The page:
The final Formula Palmer Audi Championship races, an important part of British motor racing, are set to end in 2010 after using Audi engines for 13 years.
The championship, which features identical specification single-seaters that utilized Audi’s 1.8-litre turbocharged petrol engine, was set up and run by Britain’s former Grand Prix driver Jonathan Palmer to give hopeful young drivers aiming for F1 an alternative to the expensive but established Formula Three class.
Considering there were 260 races, each one comprising of between 20-25 cars over the last 13 years and covering almost 1.5 million racing miles, there were incredibly only two retirements in races associated to engine component failure.
Palmer, Chief Executive of MotorSport Vision, which owns and operates Brands Hatch, Oulton Park, Snetterton, Cadwell Park and Bedford Autodrome, said his company wanted 250bhp with the "greatest reliability, consistency and of course, low cost."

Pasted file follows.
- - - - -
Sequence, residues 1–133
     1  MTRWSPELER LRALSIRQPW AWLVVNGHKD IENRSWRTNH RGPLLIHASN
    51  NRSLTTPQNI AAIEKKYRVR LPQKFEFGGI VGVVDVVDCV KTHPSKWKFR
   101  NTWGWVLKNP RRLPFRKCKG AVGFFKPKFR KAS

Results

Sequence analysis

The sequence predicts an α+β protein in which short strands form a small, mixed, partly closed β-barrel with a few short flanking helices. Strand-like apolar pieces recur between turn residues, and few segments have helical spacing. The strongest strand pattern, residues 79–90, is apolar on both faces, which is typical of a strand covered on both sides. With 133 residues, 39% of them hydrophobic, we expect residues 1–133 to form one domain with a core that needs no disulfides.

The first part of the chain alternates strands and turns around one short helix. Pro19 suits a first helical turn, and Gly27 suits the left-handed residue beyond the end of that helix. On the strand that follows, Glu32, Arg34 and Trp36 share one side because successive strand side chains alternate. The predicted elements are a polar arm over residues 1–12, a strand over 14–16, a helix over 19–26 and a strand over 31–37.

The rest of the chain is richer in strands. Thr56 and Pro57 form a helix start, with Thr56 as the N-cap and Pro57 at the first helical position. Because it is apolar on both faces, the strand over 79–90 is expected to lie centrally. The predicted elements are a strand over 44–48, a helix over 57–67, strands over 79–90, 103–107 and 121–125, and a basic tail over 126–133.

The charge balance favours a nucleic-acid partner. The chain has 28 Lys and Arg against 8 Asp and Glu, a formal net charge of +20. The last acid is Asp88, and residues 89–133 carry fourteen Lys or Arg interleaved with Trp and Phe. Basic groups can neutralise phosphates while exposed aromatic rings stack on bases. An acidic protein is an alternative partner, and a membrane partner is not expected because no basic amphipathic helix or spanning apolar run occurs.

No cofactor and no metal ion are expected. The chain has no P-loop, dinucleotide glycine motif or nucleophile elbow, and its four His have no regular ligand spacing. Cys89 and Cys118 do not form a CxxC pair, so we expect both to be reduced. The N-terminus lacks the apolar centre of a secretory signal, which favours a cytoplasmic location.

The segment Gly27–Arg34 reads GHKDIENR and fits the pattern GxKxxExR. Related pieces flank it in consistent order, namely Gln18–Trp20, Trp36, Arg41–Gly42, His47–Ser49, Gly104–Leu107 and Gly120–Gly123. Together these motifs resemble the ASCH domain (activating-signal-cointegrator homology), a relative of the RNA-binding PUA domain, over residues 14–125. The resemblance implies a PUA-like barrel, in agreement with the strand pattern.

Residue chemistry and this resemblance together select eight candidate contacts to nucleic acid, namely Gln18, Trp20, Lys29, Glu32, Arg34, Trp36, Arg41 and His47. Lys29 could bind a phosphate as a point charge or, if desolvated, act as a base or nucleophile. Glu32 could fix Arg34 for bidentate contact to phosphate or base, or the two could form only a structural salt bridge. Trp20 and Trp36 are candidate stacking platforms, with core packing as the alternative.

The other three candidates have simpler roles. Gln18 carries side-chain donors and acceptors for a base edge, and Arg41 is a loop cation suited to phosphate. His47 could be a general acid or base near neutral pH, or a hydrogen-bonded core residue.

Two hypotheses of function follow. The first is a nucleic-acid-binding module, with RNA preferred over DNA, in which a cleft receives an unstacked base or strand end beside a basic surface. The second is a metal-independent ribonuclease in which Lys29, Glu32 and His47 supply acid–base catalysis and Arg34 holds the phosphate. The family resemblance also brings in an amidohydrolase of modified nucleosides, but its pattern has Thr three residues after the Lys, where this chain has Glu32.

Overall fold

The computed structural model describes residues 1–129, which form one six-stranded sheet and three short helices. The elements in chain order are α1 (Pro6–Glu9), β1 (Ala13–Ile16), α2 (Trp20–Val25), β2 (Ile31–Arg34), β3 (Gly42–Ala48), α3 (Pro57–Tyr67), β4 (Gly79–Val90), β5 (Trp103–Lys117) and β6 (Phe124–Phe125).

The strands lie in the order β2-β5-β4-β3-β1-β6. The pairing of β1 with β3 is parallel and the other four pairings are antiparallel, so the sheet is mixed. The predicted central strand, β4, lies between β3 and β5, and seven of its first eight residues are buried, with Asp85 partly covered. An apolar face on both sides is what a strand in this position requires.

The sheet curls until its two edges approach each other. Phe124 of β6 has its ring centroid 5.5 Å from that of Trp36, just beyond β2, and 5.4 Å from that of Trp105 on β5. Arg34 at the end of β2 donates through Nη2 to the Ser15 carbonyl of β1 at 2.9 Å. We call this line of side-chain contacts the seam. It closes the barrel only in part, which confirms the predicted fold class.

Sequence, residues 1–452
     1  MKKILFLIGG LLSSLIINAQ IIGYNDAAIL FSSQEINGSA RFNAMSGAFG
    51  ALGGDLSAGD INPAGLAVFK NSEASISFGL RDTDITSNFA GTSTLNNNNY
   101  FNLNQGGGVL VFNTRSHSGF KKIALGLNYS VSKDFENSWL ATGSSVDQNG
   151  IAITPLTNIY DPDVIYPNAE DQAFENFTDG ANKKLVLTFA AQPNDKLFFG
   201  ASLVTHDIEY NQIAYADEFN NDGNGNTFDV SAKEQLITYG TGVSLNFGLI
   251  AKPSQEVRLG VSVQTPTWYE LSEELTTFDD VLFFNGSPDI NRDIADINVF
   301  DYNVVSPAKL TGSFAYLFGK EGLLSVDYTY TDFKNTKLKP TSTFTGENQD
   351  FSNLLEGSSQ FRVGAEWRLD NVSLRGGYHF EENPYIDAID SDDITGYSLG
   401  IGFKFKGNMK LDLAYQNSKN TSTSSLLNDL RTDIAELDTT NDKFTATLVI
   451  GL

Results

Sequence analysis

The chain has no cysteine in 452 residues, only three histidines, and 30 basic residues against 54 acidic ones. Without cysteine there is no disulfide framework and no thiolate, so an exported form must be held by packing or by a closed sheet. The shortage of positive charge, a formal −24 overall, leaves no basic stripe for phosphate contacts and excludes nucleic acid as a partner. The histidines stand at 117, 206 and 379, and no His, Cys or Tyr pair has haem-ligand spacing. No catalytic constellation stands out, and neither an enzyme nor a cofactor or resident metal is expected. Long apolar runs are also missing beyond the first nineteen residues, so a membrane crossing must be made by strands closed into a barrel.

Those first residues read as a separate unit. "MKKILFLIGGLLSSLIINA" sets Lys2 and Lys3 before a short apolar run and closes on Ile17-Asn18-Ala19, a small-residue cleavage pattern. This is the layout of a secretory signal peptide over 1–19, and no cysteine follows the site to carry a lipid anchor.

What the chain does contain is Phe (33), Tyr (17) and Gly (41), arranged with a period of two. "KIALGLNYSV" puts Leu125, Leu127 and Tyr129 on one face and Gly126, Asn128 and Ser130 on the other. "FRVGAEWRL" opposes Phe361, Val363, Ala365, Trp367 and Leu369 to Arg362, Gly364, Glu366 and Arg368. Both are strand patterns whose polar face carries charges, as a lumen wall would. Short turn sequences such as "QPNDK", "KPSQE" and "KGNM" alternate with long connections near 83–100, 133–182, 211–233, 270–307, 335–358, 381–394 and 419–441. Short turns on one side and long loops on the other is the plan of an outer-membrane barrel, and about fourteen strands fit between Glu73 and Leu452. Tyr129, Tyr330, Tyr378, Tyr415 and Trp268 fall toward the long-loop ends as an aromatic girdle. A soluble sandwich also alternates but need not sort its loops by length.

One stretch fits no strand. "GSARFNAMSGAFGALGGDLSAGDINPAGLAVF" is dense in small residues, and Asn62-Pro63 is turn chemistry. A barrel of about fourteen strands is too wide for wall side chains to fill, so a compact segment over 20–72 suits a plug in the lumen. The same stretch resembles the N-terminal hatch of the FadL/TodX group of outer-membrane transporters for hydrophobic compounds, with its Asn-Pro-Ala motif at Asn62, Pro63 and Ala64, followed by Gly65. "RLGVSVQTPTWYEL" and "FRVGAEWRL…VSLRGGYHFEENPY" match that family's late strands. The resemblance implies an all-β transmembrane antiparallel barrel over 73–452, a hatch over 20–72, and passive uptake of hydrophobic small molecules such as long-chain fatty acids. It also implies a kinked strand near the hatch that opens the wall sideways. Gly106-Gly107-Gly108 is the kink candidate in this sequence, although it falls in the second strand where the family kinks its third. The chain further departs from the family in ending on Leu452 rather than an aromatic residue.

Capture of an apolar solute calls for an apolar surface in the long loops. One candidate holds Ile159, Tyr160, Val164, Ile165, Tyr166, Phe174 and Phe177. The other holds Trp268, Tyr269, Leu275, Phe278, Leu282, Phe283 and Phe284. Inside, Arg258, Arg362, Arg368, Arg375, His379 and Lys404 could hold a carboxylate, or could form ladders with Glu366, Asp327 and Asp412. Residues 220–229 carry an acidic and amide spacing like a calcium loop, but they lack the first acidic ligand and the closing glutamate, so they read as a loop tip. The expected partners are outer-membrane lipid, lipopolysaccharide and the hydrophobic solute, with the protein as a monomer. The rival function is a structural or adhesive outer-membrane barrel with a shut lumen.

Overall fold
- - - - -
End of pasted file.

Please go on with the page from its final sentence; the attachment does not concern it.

He explained that achieving it was through a standard production engine. And keeping the weight down meant it needed to be small capacity and turbocharged - an engine philosophy soon to reappear in Formula One.
Palmer added that an evaluation of such production engines identified Audi's 1.8 liter 20 valve turbo unit as the most suitable and it was to prove an outstanding success and a great strength of FPA, especially with Mountune's management and development.
Many young drivers who try to reach F1 found that the financial hurdle to advancing their careers was too high to clear in the mid 1990s and that is why Palmer created this cheaper, yet ultra-professionally run alternative.